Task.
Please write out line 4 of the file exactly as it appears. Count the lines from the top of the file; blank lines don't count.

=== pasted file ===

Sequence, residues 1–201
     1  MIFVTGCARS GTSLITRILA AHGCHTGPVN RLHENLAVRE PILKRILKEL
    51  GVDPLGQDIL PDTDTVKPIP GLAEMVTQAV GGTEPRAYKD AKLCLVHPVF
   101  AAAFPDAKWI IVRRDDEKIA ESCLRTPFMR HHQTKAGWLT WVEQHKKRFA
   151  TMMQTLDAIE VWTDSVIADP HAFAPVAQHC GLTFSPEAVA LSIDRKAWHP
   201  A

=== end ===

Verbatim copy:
   101  AAAFPDAKWI IVRRDDEKIA ESCLRTPFMR HHQTKAGWLT WVEQHKKRFA